After getting to Bowling Green, Ohio for the the conference I mentioned in Thursday’s rant, I found out that I was only about ten minutes away from a good friend of mine. As I had never been to Bowling Green before, I used my XV6700 and Bluetooth GPS receiver with Mapopolis to guide me and track mileage for reimbursement next week. On the way up, I listened to some Fair Game podcasts in Windows Media Player on the PDA via an FM transmitter on my car’s stereo, while Mapopolis and the GPS guided me safely to the hotel with accurate directions. As I drove, someone called me, Media Player paused itself, and I answered the call on my Bluetooth headset with the press of its button. When done, the call ended, and Media Player resumed right where it left off.
After I got some time away from the conference at the end of the day Thursday, I arranged to visit my friend and his family at their house. As I’d never been there before I was not familiar with the area, he gave me directions, but I decided that I wanted a little technological backup. I fired up Microsoft’s Live Search on the phone, told it to use the GPS, and asked it to generate directions to his house from the current GPS position. It worked perfectly, downloading map data as I drove via the EvDO connection and updating the display with the next turn as I approached it. While it doesn’t do text-to-speech, spoken directions, rerouting in the case of a missed turn, or many other driver-friendly things that Mapopolis does, it definitely shows where navigation technology might be headed in the near future. As wireless data becomes more ubiquitous, things like this will become much more useful and common. I look forward to devices having built-in GPS receivers so the need for a separate receiver is a thing of the past.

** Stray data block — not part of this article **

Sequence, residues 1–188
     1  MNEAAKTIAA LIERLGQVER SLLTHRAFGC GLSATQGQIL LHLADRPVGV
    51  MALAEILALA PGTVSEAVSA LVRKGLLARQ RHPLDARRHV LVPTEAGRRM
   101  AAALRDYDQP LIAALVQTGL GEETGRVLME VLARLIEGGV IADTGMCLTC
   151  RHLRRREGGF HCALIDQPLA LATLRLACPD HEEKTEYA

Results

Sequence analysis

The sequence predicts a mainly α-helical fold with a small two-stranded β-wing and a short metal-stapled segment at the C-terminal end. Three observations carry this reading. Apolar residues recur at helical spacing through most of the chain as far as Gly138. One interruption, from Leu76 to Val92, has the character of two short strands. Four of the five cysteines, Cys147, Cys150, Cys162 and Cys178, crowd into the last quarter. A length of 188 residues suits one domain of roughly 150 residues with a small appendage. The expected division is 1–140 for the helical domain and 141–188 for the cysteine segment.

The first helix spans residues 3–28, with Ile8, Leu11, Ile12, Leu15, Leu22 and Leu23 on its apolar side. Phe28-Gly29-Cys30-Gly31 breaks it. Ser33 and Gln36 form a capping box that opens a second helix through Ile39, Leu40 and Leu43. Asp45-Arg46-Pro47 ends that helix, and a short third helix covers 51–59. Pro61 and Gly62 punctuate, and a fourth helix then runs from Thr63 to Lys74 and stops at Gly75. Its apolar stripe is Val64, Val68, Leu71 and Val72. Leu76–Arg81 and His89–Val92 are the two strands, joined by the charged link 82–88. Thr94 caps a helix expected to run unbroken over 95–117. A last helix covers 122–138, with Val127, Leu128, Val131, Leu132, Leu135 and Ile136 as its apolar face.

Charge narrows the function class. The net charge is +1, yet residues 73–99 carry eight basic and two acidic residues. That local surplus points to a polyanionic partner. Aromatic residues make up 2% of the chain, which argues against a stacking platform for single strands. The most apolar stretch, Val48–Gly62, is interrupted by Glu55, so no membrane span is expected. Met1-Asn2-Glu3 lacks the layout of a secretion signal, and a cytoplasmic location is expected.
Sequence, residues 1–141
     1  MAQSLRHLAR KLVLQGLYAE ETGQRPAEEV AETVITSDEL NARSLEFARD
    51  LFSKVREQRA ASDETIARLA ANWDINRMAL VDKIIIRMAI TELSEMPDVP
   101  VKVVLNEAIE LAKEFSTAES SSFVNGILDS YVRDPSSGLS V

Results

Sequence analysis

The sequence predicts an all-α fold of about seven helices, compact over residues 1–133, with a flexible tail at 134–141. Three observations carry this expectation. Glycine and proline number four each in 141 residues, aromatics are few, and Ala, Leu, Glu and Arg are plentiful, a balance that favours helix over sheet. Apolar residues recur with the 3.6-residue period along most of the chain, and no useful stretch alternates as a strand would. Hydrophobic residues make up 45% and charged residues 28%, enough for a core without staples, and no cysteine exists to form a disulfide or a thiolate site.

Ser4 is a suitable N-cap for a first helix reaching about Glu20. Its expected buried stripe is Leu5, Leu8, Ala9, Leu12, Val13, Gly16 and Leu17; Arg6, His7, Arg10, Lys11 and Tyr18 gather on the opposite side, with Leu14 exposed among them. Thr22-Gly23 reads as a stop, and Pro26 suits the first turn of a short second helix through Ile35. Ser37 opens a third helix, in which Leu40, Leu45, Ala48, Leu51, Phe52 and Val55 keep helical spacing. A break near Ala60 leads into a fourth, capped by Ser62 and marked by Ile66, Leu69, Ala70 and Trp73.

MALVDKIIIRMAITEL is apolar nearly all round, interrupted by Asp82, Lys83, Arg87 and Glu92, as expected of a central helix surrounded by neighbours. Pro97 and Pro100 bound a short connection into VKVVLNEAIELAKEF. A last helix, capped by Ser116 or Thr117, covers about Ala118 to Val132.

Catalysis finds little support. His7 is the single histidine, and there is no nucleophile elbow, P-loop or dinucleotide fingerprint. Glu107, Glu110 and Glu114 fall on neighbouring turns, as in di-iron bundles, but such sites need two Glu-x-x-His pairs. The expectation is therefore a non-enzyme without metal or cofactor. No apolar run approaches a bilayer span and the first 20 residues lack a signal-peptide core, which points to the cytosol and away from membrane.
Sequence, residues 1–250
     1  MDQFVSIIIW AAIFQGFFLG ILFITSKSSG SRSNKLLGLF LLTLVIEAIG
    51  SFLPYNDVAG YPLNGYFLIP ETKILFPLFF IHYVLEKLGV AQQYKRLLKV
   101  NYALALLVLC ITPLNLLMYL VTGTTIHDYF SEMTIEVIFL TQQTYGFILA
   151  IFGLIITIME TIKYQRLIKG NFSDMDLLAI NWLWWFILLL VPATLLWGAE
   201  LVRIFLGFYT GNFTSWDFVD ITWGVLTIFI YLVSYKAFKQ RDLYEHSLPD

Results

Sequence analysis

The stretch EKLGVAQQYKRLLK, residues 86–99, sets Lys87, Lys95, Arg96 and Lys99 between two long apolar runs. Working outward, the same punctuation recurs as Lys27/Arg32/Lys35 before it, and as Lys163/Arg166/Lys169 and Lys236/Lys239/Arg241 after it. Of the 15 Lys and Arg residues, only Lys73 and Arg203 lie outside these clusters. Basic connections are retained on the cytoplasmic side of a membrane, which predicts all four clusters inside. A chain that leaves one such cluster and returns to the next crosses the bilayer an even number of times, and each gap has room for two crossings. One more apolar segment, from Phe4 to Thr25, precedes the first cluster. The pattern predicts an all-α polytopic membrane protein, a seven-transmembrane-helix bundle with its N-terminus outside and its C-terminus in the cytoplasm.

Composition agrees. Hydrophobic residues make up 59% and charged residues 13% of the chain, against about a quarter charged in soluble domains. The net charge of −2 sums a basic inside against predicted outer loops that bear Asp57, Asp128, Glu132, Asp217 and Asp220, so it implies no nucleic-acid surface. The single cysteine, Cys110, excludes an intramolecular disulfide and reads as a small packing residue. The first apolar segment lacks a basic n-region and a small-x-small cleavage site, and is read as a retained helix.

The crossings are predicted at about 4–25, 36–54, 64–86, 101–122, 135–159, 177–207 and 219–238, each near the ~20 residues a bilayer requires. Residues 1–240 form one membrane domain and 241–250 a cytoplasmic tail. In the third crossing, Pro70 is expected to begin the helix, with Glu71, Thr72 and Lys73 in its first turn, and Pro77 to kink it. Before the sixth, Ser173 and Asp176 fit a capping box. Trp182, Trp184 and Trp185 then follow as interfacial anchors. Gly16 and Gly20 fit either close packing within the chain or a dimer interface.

I went to his house again after the conference ended on Friday afternoon, this time giving Google Maps for Windows Mobile a try. I found it to be much more clumsy than Live Search; it lacks the finger-friendly features of Live Search which make it simple to locate things with a minimum of typing. The GPS position indicator is small, hard to see, doesn’t indicate the direction of travel, and I found that it often didn’t center on my location automatically after switching from map, to directions, and back again. I do like the large finger-friendly zoom in/out buttons on-screen, which seem easier to use than Live Search’s method of zooming.
The one thing I did notice is that Google often has more current, and much higher resolution satellite imagery than Live does, but Live Search wins in just about every other way in my book. Neither one is a full replacement for dedicated navigation software — yet — but I do see myself using Live Search more than Mapopolis in the future.
Hmm, somehow this became a product mini-review… The point of this post is that my trip was a technological success. My gadgets all just worked with the exception of my laptop and the hotel’s Internet access which never worked. Except for when I was on my friend’s wireless network, the laptop never got used and in retrospect, I could have just left it at home and not had to tote it around the conference. I was able to keep up on e-mail, listen to some fun podcasts, read my RSS feeds via Google Reader, and was able to find new places and meet up with friends because of my PDA, a reliable phone network, and mobile technology that did what it was supposed to do. I was very impressed!